3 Key Takeaways from the 2018 Ad Age Small Agency Conference

This year was my 5th consecutive year attending the Ad Age Small Agency Awards. Since my first experience in 2014 in Austin, it’s consistently been one of my favorite conferences of the year. Part of the draw is the intimacy, like when I joined the Small Agency of the Year Silver Winner, Proof, at their private bar in downtown Austin. (Isn’t that part of every founder’s dream in starting an agency?!)

Each year, I genuinely enjoy celebrating those that take a risk, build a team, and create phenomenal work. Additionally, the curated perspective and insights with which I walk away make the conference an even more valuable investment.

The Three Most Important Takeaways From the 2018 Ad Age Small Agency Conference and Awards:

1. Making it to that stage requires years of hard work:

This year’s conference award recipients were refreshingly honest about the work involved in building a small agency. Not a single speaker, panelist, or awarded principal made their journey sound easy. It’s a big risk venturing out, being “small”, and remaining independent. Brands likely aren’t beating down your door, there are challenges in retaining top talent, and, ultimately, you’re responsible for closing the clients that will move you forward. But the Small Agency Awards is a reminder of the incredible success stories! When strategic planning, passion, and perseverance collide, great things happen.

2. Get off your island and begin to congregate:

The Small Agency Awards especially showcased the importance of congregating. It’s not about commiserating together, but instead, getting off your “island” and finding inspiration and leadership insights. It’s invaluable to spend time connecting with other agency principals that are wearing the same shoes as you. Additionally, the Ad Age team develops relevant content and programming to facilitate growth, learning conversations, and insight that will bring a new dynamic to your agency.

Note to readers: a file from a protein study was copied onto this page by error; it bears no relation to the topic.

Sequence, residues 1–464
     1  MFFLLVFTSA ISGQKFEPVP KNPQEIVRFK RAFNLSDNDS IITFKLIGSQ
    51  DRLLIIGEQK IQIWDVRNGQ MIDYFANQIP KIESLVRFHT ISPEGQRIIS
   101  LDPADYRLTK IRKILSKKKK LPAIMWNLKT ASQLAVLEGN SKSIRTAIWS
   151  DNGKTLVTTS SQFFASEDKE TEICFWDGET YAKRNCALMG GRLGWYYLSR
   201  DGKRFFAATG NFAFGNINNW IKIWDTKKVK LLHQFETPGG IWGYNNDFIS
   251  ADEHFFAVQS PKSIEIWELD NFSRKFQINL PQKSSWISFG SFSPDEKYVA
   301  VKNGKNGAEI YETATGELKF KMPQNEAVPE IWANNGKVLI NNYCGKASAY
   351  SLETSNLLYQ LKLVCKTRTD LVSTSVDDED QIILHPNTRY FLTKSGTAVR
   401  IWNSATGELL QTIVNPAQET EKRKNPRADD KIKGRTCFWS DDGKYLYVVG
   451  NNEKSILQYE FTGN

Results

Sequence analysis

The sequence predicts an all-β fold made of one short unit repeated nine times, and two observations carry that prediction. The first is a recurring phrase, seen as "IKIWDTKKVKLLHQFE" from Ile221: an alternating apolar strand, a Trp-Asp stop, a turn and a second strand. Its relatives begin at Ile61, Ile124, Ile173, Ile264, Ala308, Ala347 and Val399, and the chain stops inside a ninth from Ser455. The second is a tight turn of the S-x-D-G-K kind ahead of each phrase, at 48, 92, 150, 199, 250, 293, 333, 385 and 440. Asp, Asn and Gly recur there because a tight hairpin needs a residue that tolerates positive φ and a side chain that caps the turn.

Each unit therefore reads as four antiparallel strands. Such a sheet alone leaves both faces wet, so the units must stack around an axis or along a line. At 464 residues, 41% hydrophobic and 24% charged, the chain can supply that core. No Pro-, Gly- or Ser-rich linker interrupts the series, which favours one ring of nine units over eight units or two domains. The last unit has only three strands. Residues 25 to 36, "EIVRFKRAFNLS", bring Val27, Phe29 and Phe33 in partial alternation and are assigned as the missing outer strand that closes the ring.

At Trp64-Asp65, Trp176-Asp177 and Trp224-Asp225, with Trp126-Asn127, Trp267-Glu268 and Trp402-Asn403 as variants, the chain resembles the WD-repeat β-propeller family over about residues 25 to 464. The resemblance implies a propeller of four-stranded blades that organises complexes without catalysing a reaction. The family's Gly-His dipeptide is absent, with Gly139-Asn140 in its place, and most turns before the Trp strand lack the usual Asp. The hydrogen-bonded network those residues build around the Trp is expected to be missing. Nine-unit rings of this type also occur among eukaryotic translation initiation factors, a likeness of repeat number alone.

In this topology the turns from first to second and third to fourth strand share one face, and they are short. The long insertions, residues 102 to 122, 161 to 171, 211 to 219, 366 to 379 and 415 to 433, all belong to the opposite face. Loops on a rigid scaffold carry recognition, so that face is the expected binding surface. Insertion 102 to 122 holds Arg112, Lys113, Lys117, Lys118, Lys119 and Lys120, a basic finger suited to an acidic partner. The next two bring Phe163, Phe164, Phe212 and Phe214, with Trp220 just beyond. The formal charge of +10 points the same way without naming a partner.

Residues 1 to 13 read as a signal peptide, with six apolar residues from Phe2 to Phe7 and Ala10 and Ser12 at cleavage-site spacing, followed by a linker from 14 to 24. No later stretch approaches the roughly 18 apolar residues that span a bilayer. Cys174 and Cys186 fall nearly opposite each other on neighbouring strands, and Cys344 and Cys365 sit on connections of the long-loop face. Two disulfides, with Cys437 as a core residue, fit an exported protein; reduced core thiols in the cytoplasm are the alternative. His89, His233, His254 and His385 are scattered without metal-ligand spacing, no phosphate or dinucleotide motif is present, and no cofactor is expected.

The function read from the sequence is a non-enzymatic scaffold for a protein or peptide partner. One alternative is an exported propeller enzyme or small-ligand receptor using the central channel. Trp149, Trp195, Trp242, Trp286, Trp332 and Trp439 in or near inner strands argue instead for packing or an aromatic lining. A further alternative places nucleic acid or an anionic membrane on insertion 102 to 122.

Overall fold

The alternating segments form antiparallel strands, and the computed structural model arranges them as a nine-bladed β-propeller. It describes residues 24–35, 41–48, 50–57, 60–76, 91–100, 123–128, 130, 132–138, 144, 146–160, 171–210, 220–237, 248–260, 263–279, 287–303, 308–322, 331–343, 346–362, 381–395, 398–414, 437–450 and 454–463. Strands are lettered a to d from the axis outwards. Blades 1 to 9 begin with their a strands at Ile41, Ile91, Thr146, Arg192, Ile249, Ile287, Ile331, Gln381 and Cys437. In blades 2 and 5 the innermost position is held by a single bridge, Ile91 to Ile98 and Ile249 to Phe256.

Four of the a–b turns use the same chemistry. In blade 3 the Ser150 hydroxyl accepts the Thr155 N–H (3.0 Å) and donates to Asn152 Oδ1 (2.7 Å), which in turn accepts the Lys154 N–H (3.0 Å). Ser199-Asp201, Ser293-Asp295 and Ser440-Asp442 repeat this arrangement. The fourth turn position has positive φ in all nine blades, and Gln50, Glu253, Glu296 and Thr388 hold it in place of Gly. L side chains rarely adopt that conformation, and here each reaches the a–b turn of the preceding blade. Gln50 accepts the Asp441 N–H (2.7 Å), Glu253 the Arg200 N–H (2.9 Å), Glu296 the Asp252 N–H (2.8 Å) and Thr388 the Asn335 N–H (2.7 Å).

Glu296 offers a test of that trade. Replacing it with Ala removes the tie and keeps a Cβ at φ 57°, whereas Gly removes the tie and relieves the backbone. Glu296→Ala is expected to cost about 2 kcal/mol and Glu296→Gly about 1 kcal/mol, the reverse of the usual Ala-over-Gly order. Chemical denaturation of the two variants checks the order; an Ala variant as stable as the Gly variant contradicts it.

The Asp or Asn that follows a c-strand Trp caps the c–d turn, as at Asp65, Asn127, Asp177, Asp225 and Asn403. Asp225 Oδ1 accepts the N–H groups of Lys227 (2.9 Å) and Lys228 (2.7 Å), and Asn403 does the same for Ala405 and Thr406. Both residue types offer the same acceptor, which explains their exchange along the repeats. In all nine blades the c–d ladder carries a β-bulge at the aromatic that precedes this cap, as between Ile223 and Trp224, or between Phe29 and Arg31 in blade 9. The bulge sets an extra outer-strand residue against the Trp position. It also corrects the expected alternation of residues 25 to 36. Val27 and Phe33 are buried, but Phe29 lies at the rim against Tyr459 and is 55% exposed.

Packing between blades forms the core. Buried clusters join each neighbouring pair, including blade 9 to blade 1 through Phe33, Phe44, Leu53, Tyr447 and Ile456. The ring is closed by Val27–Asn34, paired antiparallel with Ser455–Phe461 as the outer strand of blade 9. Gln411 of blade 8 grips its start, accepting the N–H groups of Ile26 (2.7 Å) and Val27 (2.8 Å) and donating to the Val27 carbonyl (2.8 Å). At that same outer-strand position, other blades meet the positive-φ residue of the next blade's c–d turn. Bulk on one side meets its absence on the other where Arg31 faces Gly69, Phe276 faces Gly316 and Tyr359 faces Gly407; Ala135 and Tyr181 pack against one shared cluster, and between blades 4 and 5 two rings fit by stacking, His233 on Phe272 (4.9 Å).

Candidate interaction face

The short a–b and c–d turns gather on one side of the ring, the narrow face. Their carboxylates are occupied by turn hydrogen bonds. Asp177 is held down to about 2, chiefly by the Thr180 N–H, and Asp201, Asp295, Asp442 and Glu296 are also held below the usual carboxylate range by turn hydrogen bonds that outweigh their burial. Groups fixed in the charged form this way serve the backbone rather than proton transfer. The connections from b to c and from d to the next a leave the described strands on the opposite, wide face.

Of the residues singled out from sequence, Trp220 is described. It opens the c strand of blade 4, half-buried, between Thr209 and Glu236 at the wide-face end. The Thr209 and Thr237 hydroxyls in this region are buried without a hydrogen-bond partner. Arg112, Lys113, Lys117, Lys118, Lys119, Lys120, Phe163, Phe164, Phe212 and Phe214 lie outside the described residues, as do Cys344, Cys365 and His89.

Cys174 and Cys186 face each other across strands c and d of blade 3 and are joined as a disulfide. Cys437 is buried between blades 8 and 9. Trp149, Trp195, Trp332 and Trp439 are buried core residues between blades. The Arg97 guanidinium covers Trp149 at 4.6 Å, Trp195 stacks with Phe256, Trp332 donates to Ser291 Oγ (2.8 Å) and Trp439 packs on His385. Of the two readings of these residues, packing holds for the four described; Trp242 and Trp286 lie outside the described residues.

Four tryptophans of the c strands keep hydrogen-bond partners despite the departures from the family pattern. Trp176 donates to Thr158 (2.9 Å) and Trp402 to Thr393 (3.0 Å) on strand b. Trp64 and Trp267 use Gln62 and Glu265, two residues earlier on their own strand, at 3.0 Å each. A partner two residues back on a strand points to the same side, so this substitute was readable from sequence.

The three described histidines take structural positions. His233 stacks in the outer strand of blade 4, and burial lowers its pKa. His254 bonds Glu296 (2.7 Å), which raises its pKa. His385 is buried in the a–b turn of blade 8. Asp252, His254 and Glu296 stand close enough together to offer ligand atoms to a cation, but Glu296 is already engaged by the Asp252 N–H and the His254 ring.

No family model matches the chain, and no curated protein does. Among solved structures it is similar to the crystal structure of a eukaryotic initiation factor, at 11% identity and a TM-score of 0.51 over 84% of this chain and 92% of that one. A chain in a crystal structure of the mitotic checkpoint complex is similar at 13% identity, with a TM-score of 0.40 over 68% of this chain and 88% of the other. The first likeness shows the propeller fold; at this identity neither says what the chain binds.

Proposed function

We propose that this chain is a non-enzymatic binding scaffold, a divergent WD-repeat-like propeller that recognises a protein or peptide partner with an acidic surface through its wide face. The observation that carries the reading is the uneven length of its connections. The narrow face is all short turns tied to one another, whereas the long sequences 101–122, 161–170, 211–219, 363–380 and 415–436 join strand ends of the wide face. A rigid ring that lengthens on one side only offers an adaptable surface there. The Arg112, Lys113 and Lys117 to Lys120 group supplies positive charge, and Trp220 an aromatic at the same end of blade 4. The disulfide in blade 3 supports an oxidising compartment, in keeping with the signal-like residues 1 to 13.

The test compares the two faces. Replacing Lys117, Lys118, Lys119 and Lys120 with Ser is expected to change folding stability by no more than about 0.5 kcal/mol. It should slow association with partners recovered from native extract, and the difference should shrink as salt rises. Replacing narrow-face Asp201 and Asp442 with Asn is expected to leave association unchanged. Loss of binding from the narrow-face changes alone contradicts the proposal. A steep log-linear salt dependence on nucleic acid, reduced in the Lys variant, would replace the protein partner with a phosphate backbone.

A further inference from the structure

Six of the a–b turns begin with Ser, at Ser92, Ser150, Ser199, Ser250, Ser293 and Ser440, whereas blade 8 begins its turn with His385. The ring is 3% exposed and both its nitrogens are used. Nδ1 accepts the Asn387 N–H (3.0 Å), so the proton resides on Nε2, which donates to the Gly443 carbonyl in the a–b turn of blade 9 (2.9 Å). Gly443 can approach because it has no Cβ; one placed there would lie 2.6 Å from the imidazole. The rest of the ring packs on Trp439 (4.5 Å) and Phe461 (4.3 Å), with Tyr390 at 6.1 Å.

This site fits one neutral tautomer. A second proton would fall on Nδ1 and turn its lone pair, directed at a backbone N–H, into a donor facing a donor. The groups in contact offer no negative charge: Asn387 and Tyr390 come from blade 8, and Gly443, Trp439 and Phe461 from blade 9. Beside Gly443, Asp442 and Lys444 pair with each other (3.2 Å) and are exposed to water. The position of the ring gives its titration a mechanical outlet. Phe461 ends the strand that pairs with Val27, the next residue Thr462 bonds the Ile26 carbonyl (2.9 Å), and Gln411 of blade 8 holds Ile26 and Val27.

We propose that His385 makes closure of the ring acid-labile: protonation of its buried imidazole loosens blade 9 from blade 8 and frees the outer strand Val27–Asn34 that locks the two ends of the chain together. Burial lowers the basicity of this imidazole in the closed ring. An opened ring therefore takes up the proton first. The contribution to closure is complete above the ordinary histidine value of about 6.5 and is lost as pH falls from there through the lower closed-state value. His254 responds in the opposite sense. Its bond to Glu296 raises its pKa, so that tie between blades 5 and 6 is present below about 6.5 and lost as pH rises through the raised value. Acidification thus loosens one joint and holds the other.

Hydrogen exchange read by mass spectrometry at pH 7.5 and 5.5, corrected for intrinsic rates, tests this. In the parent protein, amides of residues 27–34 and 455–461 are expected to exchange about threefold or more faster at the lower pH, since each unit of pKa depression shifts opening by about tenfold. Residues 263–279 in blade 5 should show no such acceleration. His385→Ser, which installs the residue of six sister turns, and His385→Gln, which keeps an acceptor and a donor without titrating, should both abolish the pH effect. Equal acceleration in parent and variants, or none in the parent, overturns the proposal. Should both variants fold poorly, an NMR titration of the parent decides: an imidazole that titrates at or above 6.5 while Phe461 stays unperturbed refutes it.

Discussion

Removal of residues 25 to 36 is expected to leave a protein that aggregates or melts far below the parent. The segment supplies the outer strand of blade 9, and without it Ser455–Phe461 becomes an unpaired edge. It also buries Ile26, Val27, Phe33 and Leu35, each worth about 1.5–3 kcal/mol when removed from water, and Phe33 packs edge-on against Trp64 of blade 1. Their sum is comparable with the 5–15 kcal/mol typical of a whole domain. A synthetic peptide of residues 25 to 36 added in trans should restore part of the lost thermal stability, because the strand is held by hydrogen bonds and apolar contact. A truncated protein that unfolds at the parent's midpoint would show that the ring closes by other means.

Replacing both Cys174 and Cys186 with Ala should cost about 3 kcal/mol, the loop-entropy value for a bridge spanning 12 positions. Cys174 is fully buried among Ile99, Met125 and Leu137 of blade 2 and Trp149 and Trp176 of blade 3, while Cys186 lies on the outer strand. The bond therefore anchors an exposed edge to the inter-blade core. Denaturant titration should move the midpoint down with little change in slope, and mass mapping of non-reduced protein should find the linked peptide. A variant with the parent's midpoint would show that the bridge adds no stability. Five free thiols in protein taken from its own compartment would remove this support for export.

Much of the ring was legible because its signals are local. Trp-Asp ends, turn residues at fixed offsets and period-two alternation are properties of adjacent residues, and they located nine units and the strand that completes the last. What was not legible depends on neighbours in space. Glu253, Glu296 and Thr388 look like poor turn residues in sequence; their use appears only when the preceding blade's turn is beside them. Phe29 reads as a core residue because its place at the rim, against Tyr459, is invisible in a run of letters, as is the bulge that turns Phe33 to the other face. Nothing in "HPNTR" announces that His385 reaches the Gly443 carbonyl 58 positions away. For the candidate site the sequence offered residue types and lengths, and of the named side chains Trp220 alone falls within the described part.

3. Winning the right client is everything:  

What I recognized during the award ceremony is that agencies don’t win awards on their own; it takes the right kind of client to “win.” That doesn’t mean you have to be awarded, but winning is a successful engagement with the client. You can’t innovate with a conservative client. It’s hard to go viral with a client that wants to do it the way it’s always been done. Ambitious agencies require ambitious clients – in order to facilitate effective work, to challenge your team, and to maintain a healthy client/agency relationship.

What It Really Takes to Win The Right Clients: An Ad Age Small Agency Conference Case Study

This year, Erica Fite and Katie Keating of Fancy NYC not only talked about sex from the stage, they also shared their tenacious journey of pursuing (including a ride-along to sex shops in the midwest) and ultimately winning their dream client. I had the opportunity to sit down with them the next day and pick their brains regarding how they want to grow the agency. They conveyed that managing new client growth themselves is not sustainable. In order to grow, the way they want to grow, with the clients they know they need to take them there, it requires dedicated strategy and resources committed to finding, courting, and winning new clients.

If you’re a small agency owner or executive, cheers to you. When it’s hard, remember why you started your shop and what you chose to leave. Build your network. Even if you can’t attend conferences, find a network of agency principals with whom you can grow. And make the investment in your agency’s success. Don’t hope that the client that will put you on the podium will walk into your office. Proactively commit to the strategy and resources that will expose your talent to the brands you set out to work with.

Be your best, invest where it matters, and the work will follow.   

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Eric Brown

Eric is the Vice President of Catapult New Business. An expert in agency new business, Eric consults marketing services companies with a focus on optimizing new business strategy and execution. He is responsible for gaining understanding of each organization’s core capabilities and unique culture to craft compelling positioning and go-to-market strategy in order to impact incremental growth.

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